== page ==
Two more women take legal action over cervical cancer test delays

Third woman begins High Court proceedings against HSE after ovarian cancer diagnosis

Limerick woman Vicky Phelan who last month settled her legal action against a US laboratory for €2.5m. Photograph Nick Bradshaw

Limerick woman Vicky Phelan who last month settled her legal action against a US laboratory for €2.5m. Photograph Nick Bradshaw

 

Two more women have taken legal action against the Health Service Executive and laboratories over alleged delays relating to identifying abnormalities in their smear tests.

The cases are the first to be listed in the High Court since the CervicalCheck smear controversy arose last month after Limerick woman Vicky Phelan settled her action for €2.5 million.

Mr Justice Kevin Cross on Thursday set hearing dates in July for the two actions and for another action by a woman who has ovarian cancer relating to previous cancer checks.

Mr Justice Cross also made orders, at the request of lawyers for the women, that they not be identified in any way.

In the first cervical smear case, the court heard the prognosis for the woman is “not good” and she has been given a life expectancy of between six and 12 months. She only heard of the alleged misdiagnosis of a 2012 smear test on May 3rd last, the court was told.

In the second cervical smear case, the court heard the woman is currently undergoing chemotherapy and radiotherapy as she suffers from cervical cancer and breast cancer.

Jeremy Maher SC, for the woman, said she had a smear test in 2009 and another in 2012, which came back as negative and her cervical cancer was diagnosed this year. It was their case the cervical cancer should have been detected earlier.

He said a review of the smear tests was carried out in 2014 and 2015 but the woman was not informed of the review, or of the review results which showed the original tests results were incorrect.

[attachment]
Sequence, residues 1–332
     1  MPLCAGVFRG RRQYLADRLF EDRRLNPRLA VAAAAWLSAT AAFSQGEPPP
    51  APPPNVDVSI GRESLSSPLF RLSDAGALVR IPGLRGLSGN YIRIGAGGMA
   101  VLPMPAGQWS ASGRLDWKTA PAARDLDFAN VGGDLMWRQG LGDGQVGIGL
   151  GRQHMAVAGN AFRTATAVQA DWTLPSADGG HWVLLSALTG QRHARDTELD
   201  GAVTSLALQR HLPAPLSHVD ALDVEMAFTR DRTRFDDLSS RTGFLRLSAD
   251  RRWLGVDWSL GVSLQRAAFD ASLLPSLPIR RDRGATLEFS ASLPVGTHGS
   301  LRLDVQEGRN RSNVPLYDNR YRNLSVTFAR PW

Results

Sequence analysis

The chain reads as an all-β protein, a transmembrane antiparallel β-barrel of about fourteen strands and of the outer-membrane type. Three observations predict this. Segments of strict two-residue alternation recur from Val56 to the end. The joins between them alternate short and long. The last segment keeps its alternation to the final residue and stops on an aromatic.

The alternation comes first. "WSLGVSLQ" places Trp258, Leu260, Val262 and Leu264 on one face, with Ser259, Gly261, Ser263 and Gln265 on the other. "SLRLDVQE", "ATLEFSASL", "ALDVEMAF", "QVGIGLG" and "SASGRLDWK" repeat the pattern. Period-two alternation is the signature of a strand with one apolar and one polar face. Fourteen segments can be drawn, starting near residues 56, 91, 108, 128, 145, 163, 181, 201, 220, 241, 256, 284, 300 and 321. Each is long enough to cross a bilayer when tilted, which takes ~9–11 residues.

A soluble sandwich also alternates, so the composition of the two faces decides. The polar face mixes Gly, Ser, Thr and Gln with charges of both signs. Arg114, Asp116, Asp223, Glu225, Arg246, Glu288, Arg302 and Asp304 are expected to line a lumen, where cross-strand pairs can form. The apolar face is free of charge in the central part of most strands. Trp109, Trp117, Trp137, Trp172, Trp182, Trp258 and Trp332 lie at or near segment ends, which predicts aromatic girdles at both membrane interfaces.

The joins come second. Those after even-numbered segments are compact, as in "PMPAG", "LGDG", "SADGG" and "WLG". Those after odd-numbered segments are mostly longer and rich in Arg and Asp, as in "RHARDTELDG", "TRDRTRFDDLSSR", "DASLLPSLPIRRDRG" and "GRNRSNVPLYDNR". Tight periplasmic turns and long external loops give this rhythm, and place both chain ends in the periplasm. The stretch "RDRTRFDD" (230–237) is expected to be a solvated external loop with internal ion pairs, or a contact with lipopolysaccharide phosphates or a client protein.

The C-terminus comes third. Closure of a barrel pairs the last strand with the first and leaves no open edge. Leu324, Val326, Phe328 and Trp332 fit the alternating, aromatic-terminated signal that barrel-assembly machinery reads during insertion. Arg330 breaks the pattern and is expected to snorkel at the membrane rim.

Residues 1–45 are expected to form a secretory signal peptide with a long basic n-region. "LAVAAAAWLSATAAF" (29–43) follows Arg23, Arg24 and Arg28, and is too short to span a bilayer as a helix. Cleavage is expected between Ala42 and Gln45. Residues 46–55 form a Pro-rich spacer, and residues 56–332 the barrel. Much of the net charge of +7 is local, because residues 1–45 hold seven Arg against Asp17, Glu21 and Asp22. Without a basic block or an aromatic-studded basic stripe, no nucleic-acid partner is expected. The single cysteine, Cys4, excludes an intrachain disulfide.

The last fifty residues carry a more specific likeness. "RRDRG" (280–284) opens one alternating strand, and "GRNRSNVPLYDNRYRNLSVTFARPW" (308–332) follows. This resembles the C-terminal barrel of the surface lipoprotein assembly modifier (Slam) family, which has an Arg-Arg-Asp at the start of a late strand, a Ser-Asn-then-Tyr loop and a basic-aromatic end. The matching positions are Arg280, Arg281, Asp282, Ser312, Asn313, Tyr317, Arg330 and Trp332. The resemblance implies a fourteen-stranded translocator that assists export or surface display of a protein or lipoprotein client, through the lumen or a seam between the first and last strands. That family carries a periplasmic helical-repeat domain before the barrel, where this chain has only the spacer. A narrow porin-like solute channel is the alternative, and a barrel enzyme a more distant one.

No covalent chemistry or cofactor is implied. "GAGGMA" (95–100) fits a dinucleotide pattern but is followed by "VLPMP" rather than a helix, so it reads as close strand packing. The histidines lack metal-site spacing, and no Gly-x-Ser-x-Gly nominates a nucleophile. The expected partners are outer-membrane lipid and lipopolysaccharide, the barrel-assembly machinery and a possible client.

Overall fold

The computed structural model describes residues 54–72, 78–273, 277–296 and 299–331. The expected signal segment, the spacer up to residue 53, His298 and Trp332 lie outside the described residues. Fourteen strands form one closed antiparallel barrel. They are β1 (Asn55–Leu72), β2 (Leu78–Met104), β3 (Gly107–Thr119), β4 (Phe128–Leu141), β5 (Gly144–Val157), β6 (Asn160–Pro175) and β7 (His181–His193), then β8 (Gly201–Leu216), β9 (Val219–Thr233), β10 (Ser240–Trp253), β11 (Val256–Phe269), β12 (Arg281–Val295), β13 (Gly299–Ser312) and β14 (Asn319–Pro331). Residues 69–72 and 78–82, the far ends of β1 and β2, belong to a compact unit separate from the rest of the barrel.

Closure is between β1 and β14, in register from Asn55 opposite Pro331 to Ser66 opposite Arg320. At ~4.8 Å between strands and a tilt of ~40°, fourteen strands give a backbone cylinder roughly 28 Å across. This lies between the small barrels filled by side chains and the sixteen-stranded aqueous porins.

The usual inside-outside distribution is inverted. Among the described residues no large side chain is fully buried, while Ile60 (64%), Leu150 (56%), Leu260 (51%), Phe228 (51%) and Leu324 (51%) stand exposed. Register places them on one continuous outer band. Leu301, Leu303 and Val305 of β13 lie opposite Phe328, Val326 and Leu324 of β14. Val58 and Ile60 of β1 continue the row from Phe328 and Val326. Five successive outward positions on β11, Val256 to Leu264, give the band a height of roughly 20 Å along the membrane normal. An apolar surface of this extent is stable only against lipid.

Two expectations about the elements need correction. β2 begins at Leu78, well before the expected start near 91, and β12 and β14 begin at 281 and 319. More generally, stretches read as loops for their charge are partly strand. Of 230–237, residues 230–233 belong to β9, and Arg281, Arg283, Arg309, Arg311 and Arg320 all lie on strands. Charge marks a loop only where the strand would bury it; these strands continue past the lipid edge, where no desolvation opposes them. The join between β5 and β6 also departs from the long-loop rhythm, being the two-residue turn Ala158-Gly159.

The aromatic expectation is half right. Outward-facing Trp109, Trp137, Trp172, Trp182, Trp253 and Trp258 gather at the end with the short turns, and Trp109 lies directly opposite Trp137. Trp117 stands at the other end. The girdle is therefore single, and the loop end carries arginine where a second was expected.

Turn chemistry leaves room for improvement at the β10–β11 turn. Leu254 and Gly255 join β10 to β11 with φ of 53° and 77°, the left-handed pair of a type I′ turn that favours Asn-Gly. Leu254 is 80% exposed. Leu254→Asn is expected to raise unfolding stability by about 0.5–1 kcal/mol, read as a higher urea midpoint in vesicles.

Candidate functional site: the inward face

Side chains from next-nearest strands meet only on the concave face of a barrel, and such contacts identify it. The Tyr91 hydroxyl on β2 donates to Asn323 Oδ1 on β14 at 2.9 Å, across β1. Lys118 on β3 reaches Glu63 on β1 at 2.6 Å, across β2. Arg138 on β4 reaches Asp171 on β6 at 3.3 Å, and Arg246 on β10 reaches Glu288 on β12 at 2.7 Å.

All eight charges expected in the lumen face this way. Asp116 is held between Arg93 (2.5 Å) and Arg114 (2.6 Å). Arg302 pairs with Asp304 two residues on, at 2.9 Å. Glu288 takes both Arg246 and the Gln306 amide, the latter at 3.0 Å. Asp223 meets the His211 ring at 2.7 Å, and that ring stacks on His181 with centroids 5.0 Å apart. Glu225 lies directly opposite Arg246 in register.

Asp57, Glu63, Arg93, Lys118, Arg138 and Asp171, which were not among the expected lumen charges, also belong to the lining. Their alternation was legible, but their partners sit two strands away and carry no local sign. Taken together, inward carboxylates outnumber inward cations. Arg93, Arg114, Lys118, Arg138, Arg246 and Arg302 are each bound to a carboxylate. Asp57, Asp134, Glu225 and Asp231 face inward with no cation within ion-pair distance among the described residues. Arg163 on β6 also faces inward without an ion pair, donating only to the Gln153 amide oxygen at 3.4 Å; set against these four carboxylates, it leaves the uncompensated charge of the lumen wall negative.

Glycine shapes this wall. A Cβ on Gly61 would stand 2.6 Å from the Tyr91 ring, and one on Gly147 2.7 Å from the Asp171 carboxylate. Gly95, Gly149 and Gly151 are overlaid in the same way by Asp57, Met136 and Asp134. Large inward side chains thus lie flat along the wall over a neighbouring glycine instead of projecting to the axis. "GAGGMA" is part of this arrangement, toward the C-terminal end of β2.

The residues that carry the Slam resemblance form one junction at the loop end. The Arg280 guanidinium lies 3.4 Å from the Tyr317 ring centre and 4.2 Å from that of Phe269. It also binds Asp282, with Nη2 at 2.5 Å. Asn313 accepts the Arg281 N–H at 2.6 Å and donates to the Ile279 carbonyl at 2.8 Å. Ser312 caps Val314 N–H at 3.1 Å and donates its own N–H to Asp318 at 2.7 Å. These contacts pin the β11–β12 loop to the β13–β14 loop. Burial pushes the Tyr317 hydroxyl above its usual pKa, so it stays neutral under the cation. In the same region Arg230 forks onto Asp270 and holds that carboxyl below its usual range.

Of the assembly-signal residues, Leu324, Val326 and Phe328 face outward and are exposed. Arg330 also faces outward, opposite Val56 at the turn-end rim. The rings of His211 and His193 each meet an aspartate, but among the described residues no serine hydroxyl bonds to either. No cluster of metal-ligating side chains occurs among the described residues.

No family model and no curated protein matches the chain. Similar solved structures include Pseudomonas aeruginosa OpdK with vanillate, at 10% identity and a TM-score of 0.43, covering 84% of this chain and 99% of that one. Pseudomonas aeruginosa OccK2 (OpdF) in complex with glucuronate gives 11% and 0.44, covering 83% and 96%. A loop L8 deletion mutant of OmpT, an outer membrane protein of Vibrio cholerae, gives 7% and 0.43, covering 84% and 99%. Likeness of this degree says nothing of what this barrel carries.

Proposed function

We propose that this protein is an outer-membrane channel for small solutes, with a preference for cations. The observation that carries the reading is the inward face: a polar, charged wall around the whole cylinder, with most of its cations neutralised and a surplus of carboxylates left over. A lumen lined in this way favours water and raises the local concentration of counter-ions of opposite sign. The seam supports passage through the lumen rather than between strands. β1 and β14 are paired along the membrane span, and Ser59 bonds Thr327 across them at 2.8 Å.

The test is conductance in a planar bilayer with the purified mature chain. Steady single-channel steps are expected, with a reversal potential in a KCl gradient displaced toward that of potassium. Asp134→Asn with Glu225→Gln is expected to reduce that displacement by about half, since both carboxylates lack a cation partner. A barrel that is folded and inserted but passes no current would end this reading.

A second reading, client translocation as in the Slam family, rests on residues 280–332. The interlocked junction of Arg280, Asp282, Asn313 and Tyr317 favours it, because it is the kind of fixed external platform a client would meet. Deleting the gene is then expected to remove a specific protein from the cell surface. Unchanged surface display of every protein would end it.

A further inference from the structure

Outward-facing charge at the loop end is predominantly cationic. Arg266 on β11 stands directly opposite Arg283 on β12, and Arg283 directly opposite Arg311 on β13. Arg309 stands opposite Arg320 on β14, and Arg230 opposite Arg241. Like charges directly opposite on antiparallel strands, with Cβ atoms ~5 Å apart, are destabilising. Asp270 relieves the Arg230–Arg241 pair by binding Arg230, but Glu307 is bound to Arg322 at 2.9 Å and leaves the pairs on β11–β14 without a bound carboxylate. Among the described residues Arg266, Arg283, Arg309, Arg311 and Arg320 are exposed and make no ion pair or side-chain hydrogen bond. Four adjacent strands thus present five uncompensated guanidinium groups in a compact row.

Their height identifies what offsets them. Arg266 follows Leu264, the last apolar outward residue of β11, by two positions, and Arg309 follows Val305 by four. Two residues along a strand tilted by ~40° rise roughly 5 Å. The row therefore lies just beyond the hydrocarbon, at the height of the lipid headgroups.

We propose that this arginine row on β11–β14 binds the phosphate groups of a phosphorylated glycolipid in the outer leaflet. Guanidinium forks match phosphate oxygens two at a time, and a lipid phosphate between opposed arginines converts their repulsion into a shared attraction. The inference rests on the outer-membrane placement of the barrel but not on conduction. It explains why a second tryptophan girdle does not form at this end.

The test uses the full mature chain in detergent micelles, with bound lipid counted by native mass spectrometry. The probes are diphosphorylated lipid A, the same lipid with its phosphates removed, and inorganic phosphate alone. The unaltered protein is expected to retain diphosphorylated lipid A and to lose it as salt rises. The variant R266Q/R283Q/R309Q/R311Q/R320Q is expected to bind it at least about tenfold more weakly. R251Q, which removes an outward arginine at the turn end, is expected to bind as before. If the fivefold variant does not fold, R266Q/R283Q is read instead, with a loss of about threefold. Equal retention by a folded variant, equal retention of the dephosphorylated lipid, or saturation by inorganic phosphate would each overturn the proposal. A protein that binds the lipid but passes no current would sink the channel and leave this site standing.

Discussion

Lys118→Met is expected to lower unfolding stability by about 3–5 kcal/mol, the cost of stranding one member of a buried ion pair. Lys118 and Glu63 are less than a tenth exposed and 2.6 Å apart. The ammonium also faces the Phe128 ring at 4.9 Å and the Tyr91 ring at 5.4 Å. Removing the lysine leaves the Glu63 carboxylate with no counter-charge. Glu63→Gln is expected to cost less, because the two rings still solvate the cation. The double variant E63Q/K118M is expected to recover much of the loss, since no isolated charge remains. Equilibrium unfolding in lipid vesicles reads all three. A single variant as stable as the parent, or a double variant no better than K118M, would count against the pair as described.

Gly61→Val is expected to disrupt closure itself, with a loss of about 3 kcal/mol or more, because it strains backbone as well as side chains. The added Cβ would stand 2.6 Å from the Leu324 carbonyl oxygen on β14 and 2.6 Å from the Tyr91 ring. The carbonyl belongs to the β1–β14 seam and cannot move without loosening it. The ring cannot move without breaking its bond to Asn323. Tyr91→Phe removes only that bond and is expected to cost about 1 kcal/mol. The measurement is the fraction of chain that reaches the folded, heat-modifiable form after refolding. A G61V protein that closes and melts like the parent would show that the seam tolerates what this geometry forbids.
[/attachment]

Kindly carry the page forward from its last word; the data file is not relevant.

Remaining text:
Life expectancy

Counsel said the woman has a life expectancy “limited to months” and there would be a real concern if the case was not heard until October.

In the ovarian cancer case, the court heard the woman involved has a family history of ovarian cancer and had checks between 2010 and 2017. The woman had a hysterectomy and other procedures last year when it was discovered she had Stage 3 ovarian cancer which had not been diagnosed previously.

Patrick Treacy SC, for the woman, said his side would contend the diagnosis should have been made earlier and there were alleged indicators in 2013. He asked that the woman’s action be case-managed by the court and an early hearing date be set because of the dire situation.

He said the solicitors involved were cooperating regarding discovery of documents necessary for the case.

Patrick Hanratty SC, for the HSE, said there was no objection to the early application and the case was set down for July.

Fixing all three cases to go on trial for different dates in July, Mr Justice Cross urged the parties to explore alternative means of resolution.

The cancer-screening controversy emerged last month when Ms Phelan settled for €2.5 million her court action against a US laboratory which the CervicalCheck screening service had subcontracted to read smear tests.

Ms Phelan received a false negative result in her 2011 smear test and later discovered she had cancer. It later emerged that test results were misread in 209 cases.

The HSE said this week it had made contact with 203 of the affected women and families and meetings had either been held or arranged to discuss the audit and the response with them.